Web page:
> to Platonist doctrines. The argument is carefully reconstructed to show
> that Plotinus' intention was to refute Stoicizing notions by means that
> can be accepted by his opponents as well. Thus, by using
> <greek>a)ntilamba/nesqai</greek>, Plotinus tried to maintain a
> theoretically non-committing stance. The verb signifies all kinds of
> apprehension, sensory and intellectual alike, whereas
> <greek>kata/lhyis</greek> mostly refers to sense-perception. The
> general strategy is to demonstrate that if there is intellectual
> cognition (<greek>to\ noei=n</greek>), then the soul is not corporeal.
> It is concerned with objects of intelligible nature. Relying on this
> point, Plotinus could also argue against the Aristotelian position.
> Alessandro Linguiti deals with a similar problem and takes the same
> route of reconstructing Plotinus' objections to the Stoic notion of the
> soul. That entails a critique of the view that virtue is also corporeal
> in a certain way. He reconstructs the line of thought as containing
> two, partly separate, arguments which start from the same premises: (1)
> virtues are situated in the soul, and (2) if one thing is situated in
> another, both are in the same division of nature (in this case, they
> are both either corporeal or incorporeal). The first argument takes the
> following route: (3) if the soul is corporeal, the virtues are also
> bodies, but (4) virtues (or some of them at least) are not bodies;
> therefore the soul cannot be corporeal either. The second argument
> continues like this: (5) virtues are eternal and permanent, and as such
> (6) they are incorporeal. As one of the conceptions behind the
> arguments, Linguiti mentions the thesis that qualities are incorporeal.
> To take the example of courage: if it is considered as the
> impassibility of the pneuma (123), and impassibility is a quality, then
> courage is incorporeal, which contradicts the Stoic doctrine.
> Riccardo Chiaradonna focuses on the critique of the Stoic notion
> according to which body and soul form a perfect mixture (<greek>kra=sis
> di' o(/lwn</greek>), and compares it to passages with similar content
> in Calcidius and Priscian of Lydia's Solutiones ad Chosroen. Plotinus
> rejects the idea that two bodies can interpenetrate one another, but
> accepts the thesis that the soul pervades the body, which leads to the
> conclusion that the soul cannot be bodily. The demonstration relies on
> earlier, traditional arguments, and Chiaradonna draws attention to a
> parallel text in Alexander of Aphrodisias' Mantissa 116.5-13. The
> important difference between Alexander and Plotinus is that the latter
> considers two different conceptions of mixture: in mixing up with one
> another the ingredients (1) lose their being in actuality, or (2) can
> conserve their nature in the perfect compound. The second conception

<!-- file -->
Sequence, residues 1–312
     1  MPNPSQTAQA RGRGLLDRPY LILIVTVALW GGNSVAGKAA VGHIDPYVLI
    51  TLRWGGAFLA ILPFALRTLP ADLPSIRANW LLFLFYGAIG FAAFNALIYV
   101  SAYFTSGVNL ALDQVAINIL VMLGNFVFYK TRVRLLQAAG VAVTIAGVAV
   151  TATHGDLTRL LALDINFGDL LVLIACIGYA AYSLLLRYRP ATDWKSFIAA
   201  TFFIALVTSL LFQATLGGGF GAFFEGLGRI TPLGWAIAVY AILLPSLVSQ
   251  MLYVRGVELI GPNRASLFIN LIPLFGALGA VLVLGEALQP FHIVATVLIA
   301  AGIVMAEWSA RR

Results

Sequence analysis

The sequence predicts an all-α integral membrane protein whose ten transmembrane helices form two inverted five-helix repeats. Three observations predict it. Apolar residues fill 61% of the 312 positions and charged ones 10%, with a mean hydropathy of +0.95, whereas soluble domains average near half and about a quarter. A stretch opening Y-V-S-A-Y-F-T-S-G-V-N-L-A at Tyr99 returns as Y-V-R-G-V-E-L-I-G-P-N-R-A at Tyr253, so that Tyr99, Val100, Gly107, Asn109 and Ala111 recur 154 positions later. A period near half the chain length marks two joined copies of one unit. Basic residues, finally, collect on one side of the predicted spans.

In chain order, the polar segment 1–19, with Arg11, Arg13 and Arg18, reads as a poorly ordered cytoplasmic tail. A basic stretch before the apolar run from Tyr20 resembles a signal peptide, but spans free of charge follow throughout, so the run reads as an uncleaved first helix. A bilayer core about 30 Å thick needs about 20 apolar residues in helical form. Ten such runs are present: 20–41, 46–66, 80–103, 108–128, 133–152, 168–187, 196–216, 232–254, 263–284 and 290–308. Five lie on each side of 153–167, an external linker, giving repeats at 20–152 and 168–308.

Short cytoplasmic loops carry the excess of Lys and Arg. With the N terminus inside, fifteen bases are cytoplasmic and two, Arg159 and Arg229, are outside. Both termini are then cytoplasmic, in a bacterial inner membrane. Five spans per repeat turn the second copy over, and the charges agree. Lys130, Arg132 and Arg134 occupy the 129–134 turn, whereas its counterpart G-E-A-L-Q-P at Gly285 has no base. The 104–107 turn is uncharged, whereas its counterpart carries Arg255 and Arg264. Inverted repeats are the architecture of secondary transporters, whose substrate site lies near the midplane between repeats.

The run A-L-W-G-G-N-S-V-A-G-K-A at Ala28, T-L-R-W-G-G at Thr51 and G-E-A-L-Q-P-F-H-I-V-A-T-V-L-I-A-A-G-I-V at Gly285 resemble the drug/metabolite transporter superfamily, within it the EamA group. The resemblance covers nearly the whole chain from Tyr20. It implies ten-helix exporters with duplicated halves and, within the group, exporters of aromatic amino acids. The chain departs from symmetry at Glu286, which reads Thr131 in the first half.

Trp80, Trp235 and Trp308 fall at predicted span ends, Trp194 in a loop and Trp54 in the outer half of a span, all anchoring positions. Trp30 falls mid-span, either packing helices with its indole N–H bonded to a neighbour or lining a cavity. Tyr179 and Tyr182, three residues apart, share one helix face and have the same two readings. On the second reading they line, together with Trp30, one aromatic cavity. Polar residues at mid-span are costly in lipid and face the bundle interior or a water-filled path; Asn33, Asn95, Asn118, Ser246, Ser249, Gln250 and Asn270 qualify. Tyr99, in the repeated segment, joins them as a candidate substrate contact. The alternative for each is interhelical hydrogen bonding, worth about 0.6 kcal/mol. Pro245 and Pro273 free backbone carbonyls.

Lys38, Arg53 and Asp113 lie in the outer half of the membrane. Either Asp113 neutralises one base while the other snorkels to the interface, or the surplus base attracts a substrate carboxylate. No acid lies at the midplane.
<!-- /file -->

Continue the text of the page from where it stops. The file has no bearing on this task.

> can be attributed to the Stoics. Plotinus uses the Stoic notion to
> describe the relation of soul to body, with the important modification
> that the soul is not corporeal. The first conception recalls
> Peripatetic ideas of how bodies can form a mixture. One might note that
> it is hard to say how this Peripatetic notion differs from the Stoic
> concept of "blending" (<greek>su/gxusis</greek>), in which the
> ingredients lose their peculiar nature. One possibility might be that
> the Peripatetic notion is of a blend from which the original
> ingredients can be recovered.
> The aim of Christian Tornau's paper is to clarify the arguments against
> the Aristotelian notion of the soul as "the entelechy of the natural,
> organic body that is potentially alive". Plotinus very quickly reduces
> it to saying that the soul is an immanent form of the body (IV 7
> .8.6). After sketching the unfair tendencies of ancient
> philosophical criticism, Tornau does his best to show that Plotinus'
> objections were to some extent justified. They were directed against
> the Aristotelian notion of the vegetative soul. As the lowest layer, it
> is responsible for nutrition, growth and reproduction, and Plotinus
> takes it to be the <greek>e)ntele/xeia</greek> of the living body.[]
> When rejecting the idea of the soul's inseparability from the body he
> relies very much on the problems concerning this part of the soul.
> Examining the status of the individual human soul, Alexandrine
> Schniewind concentrates on the reason why they are called
> <greek>a)mfi/bioi</greek>, a term which is a hapax in the Enneads. She
> examines the passage IV 8 .4.31-5 and sets it in a double context:
> the simile of the cave, which alludes to the soul chained by the
> sensible world, and the Timaeus' description of the mixing bowl where
> the Demiurge blends the World Soul and the human individual soul alike,
> which refers to the positive character of the individual soul as akin
> to the World Soul. The emphasis is on Plotinus' account of the
> difference between these individual, amphibious souls: it is due to two
> factors, nature and chance. Here Plotinus does not elucidate the
> mechanism by which nature and chance determine the particular soul, but
> in IV 3 we find remarks that explain quite a lot. There are six
> features responsible for its differentiation (IV 3 .15.7-10):
> difference of the body, chance, education, difference in the souls
> themselves, differences due to all of these factors, and differences
> due to some of them only.[] As for the reason for the basic dualism
> in the individual soul, Schniewind suggests that Plotinus' description
> is deliberately vague. In the last resort, the generation of the
> individual soul can be sufficiently described with reference to the